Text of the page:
I Why can we not produce a "giant" nucleus?

fxdung

In Condensed Matter Physics there are "giant" molecules that are macro bodies(e.g crystals).But why in Nuclear Physics we can not produce a "giant" nucleus?

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A. Neumaier

In Condensed Matter Physics there are "giant" molecules that are macro bodies(e.g crystals).But why in Nuclear Physics we can not produce a "giant" nucleus?
They exist and are called neutron stars.

fxdung

But why in the Earth we only see a finite number of neutrons in atoms?What is the condition to exist a "giant" atom?

hilbert2

Gold Member
There needs to be a binding force that cancels the Coulomb repulsion between protons. In small nuclei it is the strong nuclear force and in neutron stars it's gravitation.

fxdung

Why there are not too many neutrons in small nuclei?

PeterDonis

Mentor
There needs to be a binding force that cancels the Coulomb repulsion between protons. In small nuclei it is the strong nuclear force and in neutron stars it's gravitation.
Neutron stars have no protons so there is no Coulomb repulsion to cancel. However, Coulomb repulsion is not the only effect involved. There is also degeneracy pressure, which is what balances gravity in a neutron star.

PeterDonis

Mentor
Why there are not too many neutrons in small nuclei?
The strong nuclear force is short range, so there is a limit to how large a nucleus can be if it is held together by the strong force.

fxdung

The vinicity neutrons have strong force,why is there a limit to how large nucleus can be(despite of short range force)?

hilbert2

Gold Member
Neutron stars have no protons so there is no Coulomb repulsion to cancel. However, Coulomb repulsion is not the only effect involved. There is also degeneracy pressure, which is what balances gravity in a neutron star.
But isn't the coulomb force the first thing that has to be overcome when squeezing ordinary matter to neutron matter?

A. Neumaier

But isn't the coulomb force the first thing that has to be overcome when squeezing ordinary matter to neutron matter?
The Coulomb force only acts between two charged particles.

It is the van der Waals force between neutral matter. This is still more long range (namely $O(r^{-6})$) than the exponentially decaying strong force. [Correction: It is the repulsive exchange force, see post #31.]

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Dale

Mentor
The vinicity neutrons have strong force,why is there a limit to how large nucleus can be(despite of short range force)?
That was already answered: The range of the strong nuclear force is short and Coulomb repulsion (Which has infinite range) is strong.

fxdung

What is the degeneracy pressure?

A. Neumaier

That was already answered: The range of the strong nuclear force is short and Coulomb repulsion (Which has infinite range) is strong.
This is not sufficient to answer the query. It only explains why nuclei with many protons cannot exist. But why adding many neutrons to a stable nucleus makes it unstable needs an additional explanation - beta decay. Wikipedia has a good synopsis.

fxdung

What is the condition for beta decay easily happens?

Dale

Mentor
But why adding many neutrons to a stable nucleus makes it unstable needs an additional explanation - beta decay.
That is true, both the strong force and the weak force are important.

A. Neumaier

What is the condition for beta decay easily happens?
A nucleus with p protons and n neutrons will beta decay if and only if the binding energy of a nucleus with p+1 protons and n-1 neutrons is smaller by more than the mass of an electron.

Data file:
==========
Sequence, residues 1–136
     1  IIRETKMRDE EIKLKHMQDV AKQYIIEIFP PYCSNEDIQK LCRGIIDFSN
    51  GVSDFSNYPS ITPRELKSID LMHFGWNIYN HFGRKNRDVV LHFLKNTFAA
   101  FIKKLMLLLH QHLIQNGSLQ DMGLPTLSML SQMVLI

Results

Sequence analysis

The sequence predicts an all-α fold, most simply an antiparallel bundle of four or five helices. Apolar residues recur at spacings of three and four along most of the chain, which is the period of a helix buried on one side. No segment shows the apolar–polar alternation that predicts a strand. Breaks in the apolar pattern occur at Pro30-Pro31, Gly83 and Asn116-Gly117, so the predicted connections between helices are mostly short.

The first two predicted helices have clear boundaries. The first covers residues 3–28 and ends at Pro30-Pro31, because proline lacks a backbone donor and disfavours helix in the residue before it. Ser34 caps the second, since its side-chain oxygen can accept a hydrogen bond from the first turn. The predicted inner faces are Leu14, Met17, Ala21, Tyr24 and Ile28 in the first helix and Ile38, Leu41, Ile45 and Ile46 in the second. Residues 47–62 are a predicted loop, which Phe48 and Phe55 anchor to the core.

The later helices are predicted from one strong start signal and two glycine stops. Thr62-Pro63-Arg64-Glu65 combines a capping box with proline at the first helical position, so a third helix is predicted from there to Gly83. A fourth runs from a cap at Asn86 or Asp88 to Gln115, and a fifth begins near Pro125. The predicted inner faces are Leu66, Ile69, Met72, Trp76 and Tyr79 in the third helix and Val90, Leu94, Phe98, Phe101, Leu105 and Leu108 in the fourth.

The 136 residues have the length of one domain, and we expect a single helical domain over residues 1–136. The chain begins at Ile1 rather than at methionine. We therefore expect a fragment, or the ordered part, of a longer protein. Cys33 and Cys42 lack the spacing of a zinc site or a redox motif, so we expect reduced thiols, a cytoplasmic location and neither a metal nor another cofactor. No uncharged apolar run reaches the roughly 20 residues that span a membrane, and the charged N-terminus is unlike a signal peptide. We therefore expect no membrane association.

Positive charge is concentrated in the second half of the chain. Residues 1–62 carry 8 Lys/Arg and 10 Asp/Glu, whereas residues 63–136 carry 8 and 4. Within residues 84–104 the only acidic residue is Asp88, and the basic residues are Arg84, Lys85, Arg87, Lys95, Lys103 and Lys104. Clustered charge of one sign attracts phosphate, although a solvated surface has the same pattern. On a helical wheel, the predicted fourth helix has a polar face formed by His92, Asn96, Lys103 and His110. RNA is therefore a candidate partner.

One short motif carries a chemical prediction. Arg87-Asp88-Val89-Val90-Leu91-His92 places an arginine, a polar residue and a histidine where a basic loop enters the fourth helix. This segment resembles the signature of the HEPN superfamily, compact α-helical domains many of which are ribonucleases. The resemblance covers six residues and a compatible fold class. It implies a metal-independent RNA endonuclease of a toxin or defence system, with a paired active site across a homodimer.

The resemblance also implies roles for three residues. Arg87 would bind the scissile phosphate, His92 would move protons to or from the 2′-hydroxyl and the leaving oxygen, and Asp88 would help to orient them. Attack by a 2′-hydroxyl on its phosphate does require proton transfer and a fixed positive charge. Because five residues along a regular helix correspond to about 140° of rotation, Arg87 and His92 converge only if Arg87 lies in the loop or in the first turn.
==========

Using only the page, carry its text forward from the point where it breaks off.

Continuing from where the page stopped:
fxdung

And with neutron star this condition does not happen,does it?

A. Neumaier

And with neutron star this condition does not happen,does it?
....because gravitation changes the binding energy balance. (For terrestrial nuclei gravitation is negligible.)

fxdung

With too many neutron terrestrial nuclei, why is there not the process that neutrons detach the nuclei, but it must there be beta decay?

Dale

Mentor
why is there not the process that neutrons detach the nuclei, but it must there be beta decay?
There is alpha decay where two neutrons and two protons detach. There can also be neutrons emitted. All that matters is that the sum of the masses of the products be less than the original nucleus

ZapperZ

Staff Emeritus
2018 Award
In Condensed Matter Physics there are "giant" molecules that are macro bodies(e.g crystals).But why in Nuclear Physics we can not produce a "giant" nucleus?
This is comparing apples to oranges. A solid state crystal is nowhere near similar to a nucleus. You might as well claim that a cow looks like a Frank Gehry building.

A crystal depends on the bonding state that can be formed between atoms, or more specifically, the nature of the valence shell that the atoms have and how they are able to form bonds with one another. No such thing is relevant in the nucleus because you have a very short range and asymptotic nature of the nuclear forces. There are no valence shell to "tie" one nucleon to the other.

Zz.

Dale

Mentor
You might as well claim that a cow looks like a Frank Gehry building.
That is a defensible claim! Although I usually think they look more like pasta or butter, but something food-like.

Staff Emeritus
I think that was an SAT question. "Crystal is to nucleus as cow is to ______."

hilbert2

Gold Member
Even a hypothetical piece of matter composed of only protons would probably keep at constant volume if compressed below its Schwarzschild radius. But it would produce a huge electric field around it and polarize matter at a very large distance.

PeterDonis

Mentor
Even a hypothetical piece of matter composed of only protons would probably keep at constant volume if compressed below its Schwarzschild radius.
No, it would collapse. A static object made of ordinary matter can't remain static at a radius below 9/8 of the Schwarzschild radius for its mass.